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Burlington Free Press: Vermont's distilleries are growing by leaps and bounds

March 3, 2016
In The News

WINDSOR - Sales are booming for Vermont-made vodka, gin and whiskey, up more than 600 percent in state liquor stores over the past five years, and more than 1,000 percent at farmers markets, special events and retail outlets.

Jeremy Elliott, owner with his father, Ron, of Smugglers' Notch Distillery in Jeffersonville, and president of the Distilled Spirits Council of Vermont, testified at the Vermont Legislature last week in support of a more forgiving tax structure for the state's 18 distilleries. Elliott told lawmakers sales of Vermont-made liquor in state liquor stores have gone from $533,488 in 2010 to $3.3 million in 2015. Sales at farmers markets and other retail venues have gone from $110,045 in 2010 to $1.7 million in 2015.

"Our business has been growing at a rapid rate," Elliott said in an interview with the Burlington Free Press.

That growth reminds some people — Peter Jillson, co-owner of Silo Distillery in Windsor, for example — of another Vermont success story, craft beer.

"The people in this industry are very collaborative, we're all going after the same thing, to make great, local products," Jillson said. "Akin to where the microbrewers were 20 years ago."

Jillson built his red, barn-like distillery on Artisans Way in Windsor in 2012, and began selling vodka in 2013, following a 30-year career in sales and marketing for large pharmaceutical companies like Abbott Laboratories in Chicago

"My routine was I would be up here on weekends," Jillson said, standing at the bar in his distillery. "On Sunday night I'd go as far as Boston. I had a condo outside the city. On Monday morning I'd get on a plane and be gone domestically or internationally all week."

Five years ago, Jillson deplaned in Boston and found his right knee had swelled to three times its normal size. He had a revelation.

"You know what? Too many planes, too much running through airports," he said. "I don't want to do this any more."

Jillson broke the news to his "life partner," Anne Marie Delaney when he got home. Her response: OK, what are you going to do instead?

"Living here you have to create your own destiny," Jillson said.

Craft distilling was going "like that," he said, holding his hand at a 45-degree angle up, and all the raw materials he needed for vodka, his favorite drink, were in his back yard. In other words, corn, which Jillson buys by the ton from Grembowicz Farm, fewer than 50 miles away in North Clarendon.

"In writing the business plan, I wanted first of all to source locally," Jillson said. "That's near and dear to my heart, not only to provide opportunity for farmers, but also because we knew where the grain was coming from. I wanted to create jobs. That was part of the master plan."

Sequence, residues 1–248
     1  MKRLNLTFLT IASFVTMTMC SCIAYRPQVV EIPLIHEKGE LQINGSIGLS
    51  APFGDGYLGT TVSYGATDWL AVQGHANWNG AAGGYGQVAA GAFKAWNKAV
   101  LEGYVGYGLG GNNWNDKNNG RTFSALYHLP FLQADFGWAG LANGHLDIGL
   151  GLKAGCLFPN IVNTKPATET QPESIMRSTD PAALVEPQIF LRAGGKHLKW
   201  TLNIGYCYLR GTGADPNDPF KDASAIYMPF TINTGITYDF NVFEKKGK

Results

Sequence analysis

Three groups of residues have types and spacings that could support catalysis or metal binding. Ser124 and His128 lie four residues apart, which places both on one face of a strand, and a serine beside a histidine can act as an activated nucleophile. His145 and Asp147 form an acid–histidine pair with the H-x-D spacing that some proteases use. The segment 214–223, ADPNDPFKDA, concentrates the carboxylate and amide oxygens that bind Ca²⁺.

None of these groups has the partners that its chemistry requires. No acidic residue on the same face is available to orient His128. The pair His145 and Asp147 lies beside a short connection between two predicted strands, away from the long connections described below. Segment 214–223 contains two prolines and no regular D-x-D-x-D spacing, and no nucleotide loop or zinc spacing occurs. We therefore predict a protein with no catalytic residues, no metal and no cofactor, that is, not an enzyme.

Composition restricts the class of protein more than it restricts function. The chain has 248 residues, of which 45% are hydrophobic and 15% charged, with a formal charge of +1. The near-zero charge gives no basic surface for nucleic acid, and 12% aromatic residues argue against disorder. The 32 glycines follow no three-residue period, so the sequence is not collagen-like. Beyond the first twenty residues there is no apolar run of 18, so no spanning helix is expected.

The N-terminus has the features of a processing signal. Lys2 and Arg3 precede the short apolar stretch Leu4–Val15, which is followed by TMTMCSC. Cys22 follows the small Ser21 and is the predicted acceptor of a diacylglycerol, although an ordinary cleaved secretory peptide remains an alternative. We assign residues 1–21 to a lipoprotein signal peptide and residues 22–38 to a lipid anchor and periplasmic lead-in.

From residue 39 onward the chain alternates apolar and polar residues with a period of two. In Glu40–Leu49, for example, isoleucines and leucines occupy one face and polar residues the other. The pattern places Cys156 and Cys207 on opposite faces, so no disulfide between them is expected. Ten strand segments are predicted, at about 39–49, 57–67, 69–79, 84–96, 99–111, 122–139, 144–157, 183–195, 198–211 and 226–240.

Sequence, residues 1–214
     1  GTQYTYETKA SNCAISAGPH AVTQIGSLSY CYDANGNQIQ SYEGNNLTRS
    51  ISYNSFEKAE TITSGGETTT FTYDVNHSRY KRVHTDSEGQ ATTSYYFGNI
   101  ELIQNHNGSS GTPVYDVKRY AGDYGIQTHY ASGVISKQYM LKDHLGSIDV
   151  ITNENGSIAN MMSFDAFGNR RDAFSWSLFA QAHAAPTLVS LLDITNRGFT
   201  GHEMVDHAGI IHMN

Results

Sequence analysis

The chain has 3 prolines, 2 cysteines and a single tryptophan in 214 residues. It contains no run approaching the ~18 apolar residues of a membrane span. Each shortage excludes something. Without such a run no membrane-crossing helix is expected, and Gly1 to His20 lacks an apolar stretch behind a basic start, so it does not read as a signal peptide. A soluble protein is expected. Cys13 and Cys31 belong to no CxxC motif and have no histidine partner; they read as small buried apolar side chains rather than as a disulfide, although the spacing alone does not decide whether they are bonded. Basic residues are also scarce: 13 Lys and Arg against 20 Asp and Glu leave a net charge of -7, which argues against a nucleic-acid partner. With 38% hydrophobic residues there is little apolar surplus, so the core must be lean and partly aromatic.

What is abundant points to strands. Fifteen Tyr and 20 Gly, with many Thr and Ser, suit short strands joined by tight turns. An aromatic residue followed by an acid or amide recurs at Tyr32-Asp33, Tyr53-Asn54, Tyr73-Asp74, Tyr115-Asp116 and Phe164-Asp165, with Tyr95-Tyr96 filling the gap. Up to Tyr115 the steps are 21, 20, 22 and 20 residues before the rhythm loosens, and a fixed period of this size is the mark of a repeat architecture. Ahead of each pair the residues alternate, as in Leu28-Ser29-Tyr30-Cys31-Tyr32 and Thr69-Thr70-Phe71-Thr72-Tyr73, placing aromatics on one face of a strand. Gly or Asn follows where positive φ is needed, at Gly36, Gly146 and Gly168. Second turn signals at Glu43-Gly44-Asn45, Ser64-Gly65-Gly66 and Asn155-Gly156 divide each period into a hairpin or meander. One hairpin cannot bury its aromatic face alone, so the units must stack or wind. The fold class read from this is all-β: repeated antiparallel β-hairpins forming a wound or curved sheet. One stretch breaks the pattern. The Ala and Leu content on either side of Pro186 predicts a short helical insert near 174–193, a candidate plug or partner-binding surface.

Grembowicz Farm began as a dairy operation in 1946, lasting nearly 60 years until October 2005 when the dairy operation was sold off. Today, Jeff Grembowicz, a fourth generation farmer, is running a nearly 900-acre grain farm, most of the land rented rather than owned.

Silo Distillery bought 70 tons of corn from Grembowicz last year, and expects to double that amount this year. There's plenty of corn available.

"I store almost 1,200 tons of corn after the season," Grembowicz said. "The rest goes out the door."

It's who you know

Once he made the decision to open a distillery, Peter Jillson set about educating himself and lining up investors. He visited Catskill Distilling Co. in Bethel, New York, where owner Monte Sachs introduced him to his artisan distillery, made by Germany's oldest distillery fabricator, Carl, dating back to 1869. As it turns out, Carl is very picky about who can buy its copper and stainless steel "fine instruments." Sachs smoothed the way for Jillson.

"You almost have to know someone," Jillson said. "If I had not had that connection I never would have gotten a return phone call from Carl."

The Carl distillery system at Silo is magnificent to behold. It sits behind large glass windows just off the lobby and bar, its burnished copper columns, lined with small round viewing windows, rising toward the open ceiling. The large copper pot, where the corn mash is boiled, releasing alcohol in the form of vapors, is surrounded by dimpled stainless steel fermenting tanks, and the mash tun, where the process of converting the starches in the ground corn into sugars for fermentation begins.

Other stainless steel tanks are covered in swirling tooling marks, a "German-design style," said Chris Maggiolo, production manager and head distiller. Connecting it all to a custom-built boiler in back is an immaculate, orderly matrix of stainless steel pipes that Jillson brought expert welders in from New Jersey to install.

"Those kind of steam guys are not right around the corner," Jillson said. "The steam boiler is the heart of the system."

"We looked for people who knew what they were doing," added General Manager Erin Bell. "If you're going to do it, do it well once."